Before we process the pdf files to images we need to set up our ImageMagick methods and functions that will be used to convert pdf files to images for OCR. I have found that Tesseract performs best on digital text extraction when we convert the pdfs to grayscale and use some level of thresholding to pre-process the image before passing through the OCR engine.
Thresholding is a simple and efficient way of separating the foreground from the background in an image. To complete this using ImageMagick we need to specify some additional pieces of information and so we develop a function that will perform thresholding for us.
There is another software tool called OpenCV that has an easier-to-use Python interface for thresholding and other image pre-processing but to keep things a little simpler here, I just focus on ImageMagick. See this great tutorial on using Tesseract with OpenCV.
text_list =  for i in pdf_list: text_list2 =  with Image(filename=path+i) as img1: num_pgs = len(img1.sequence) for p in range(num_pgs): with Image(filename=path+i+"["+str(p)+"]",resolution=200)as img: img.type = 'grayscale' evaluate(img,'threshold',.60) img_buffer = np.asarray(bytearray(img.make_blob(format='png')), dtype='uint8') bytesio = io.BytesIO(img_buffer) text = pytesseract.image_to_string(PIL.Image.open(bytesio)) text_list2.append(text) text_list.append(text_list2)
So, the code above is not the prettiest, I definitely get it. And this is where I show my cards as more of a data scientist than a programmer but the code above does work and it is efficient. Because it is complex, let me walk you through what is happening here. In the first line we are creating an open list container called text_list, which will be where we put our OCR’d text results. At the beginning of the “for loop,” we start by iterating over each of the pdf files in our directory. Because most of the pdf files are multiple pages and we want to OCR each page, we need to iterate our tasks over each page. Thus, we use the first “with” statement to get the total page numbers in each pdf file.
The second “for loop” iterates over each page number and performs the functions contained in the second “with” statement on each page. In that second “with” statement we start by converting the image to grayscale, then perform the thresholding. In the next line that starts with “img_buffer” we are creating a Numpy array out of the binary that we get when we use the “make_blob” method from ImageMagick. We then convert it to a bytes object so that we can open it using the PIL library. All of this is done so that we do not need to spend precious compute resources writing the image to disc and then reading it back into memory to perform OCR. This way we can just pass the object directly along to Tesseract for OCR.
Finally, we append the resulting text to our text_list2, which then gets appended to our text_list. What we are left with is a list of lists:
You will notice that I am only processing 6 emails here.
flat_list = ['\n'.join(map(str, x)) for x in text_list]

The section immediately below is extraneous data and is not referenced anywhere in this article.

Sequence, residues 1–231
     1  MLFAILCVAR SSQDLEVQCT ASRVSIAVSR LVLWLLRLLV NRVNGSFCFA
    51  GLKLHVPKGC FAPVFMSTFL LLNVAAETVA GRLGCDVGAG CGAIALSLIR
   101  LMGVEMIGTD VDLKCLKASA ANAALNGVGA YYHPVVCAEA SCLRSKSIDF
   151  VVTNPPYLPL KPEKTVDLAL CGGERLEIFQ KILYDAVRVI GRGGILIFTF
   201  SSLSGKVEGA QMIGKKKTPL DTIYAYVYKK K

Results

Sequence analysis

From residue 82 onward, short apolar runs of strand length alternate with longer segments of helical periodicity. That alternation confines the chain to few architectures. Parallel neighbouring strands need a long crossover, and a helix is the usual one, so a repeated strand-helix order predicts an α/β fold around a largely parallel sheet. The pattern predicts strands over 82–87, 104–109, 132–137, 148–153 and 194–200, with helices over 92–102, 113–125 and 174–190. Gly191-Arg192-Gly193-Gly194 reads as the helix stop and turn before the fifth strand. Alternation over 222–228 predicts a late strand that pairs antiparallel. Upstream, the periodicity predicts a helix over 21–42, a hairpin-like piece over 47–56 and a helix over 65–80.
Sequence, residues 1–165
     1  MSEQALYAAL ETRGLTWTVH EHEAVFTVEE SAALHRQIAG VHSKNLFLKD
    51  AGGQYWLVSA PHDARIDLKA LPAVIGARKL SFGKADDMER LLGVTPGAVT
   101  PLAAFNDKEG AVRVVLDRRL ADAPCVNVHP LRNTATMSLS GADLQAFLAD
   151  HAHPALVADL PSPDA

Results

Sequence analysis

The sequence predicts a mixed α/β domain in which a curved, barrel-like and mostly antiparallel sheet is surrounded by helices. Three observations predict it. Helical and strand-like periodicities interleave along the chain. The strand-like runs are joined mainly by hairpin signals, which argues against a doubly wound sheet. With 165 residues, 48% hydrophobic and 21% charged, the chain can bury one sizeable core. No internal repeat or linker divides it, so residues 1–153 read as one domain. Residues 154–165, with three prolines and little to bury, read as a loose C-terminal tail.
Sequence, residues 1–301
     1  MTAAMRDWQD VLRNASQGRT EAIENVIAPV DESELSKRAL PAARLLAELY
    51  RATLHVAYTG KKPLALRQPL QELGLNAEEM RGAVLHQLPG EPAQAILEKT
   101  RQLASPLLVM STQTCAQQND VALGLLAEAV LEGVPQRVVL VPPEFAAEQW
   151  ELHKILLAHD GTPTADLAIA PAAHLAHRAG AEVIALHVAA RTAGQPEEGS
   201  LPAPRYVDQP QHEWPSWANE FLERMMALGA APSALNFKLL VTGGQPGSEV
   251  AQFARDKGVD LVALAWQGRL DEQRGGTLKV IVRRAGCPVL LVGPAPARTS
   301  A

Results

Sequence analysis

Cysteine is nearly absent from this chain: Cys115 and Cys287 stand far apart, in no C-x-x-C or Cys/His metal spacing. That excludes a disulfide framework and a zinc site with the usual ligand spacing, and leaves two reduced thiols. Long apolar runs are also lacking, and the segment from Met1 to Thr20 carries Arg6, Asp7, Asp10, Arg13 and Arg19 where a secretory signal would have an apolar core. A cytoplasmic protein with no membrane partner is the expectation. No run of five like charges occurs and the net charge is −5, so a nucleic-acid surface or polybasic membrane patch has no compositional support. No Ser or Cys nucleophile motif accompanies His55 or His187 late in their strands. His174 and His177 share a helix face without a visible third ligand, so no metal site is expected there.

In the next line of code above, we simply flatten the resulting list into a single list by joining the multiple pages into a single list rather than a sublist.
At this point you could add some text processing steps that further improve the readability and accuracy of the text that has been extracted. See some example cleaning functions in one of our previous blog posts here.
Step 2: Creating a Searchable Database
Now that we have our text data, we want to enter it into a database that indexes the text field we want to be able to search on.
import sqlite3 sqlite_db = 'email_db.db' zip_list = list(zip(pdf_list,flat_list)) conn = sqlite3.connect(sqlite_db) c = conn.cursor()
In the next 2 lines of code we are importing the sqlite3 library and providing a name for our database (email_db, original, I know). We then join our list of pdf file names to our list of text results for each email in a tuple, which makes for fast insertion into the database.
In the last two lines of code we create a connection to the database. If the database does not exist, this will create it. Then we activate the cursor to be able to interact with the database.
c.execute('CREATE VIRTUAL TABLE email_table USING fts4(email_title TEXT, email_text TEXT)') c.executemany('INSERT INTO email_table(email_title,email_text) VALUES(?,?)', zip_list) conn.commit()
Next, we use Sqlite’s text indexing functionality by creating a table using the FTS4 extension. In Sqlite FTS3 – 6 provide text indexing capabilities that significantly reduce the time it takes to get results back from a query and add additional text searching capabilities. Read more about it here.
Finally, we insert our data from zip_list into the new table and commit it.
Done! You have now created a searchable database of text data that will respond in milliseconds to even the most complex text searches, over millions of rows. I have done this for over 12 million rows of data and get search results in .1 to .2 seconds.
In addition, you can now leverage more complex text querying features available in the FTS extensions for SQLite. For example, you can now search for words that are within a certain number of other words and return results. You can even return results that include additional characters highlighting where in the text your search term appears. I have included some example code below.
import pandas as pd df = pd.read_sql('''select * from email_table where email_text MATCH 'trump NEAR/5 tweet*';''',conn) conn.close()
In the above code, I use pandas to pull out a dataframe of results where I search for any rows that say trump and tweet within 5 words of each other. Pretty cool huh!?! Now slap a fancy UI on top and, bingo, a searchable interface with an indexed DB on the backend.
As always, we look forward to any comments, ideas, or feedback this may have inspired in you. Stay tuned for more ideas that enable Ai!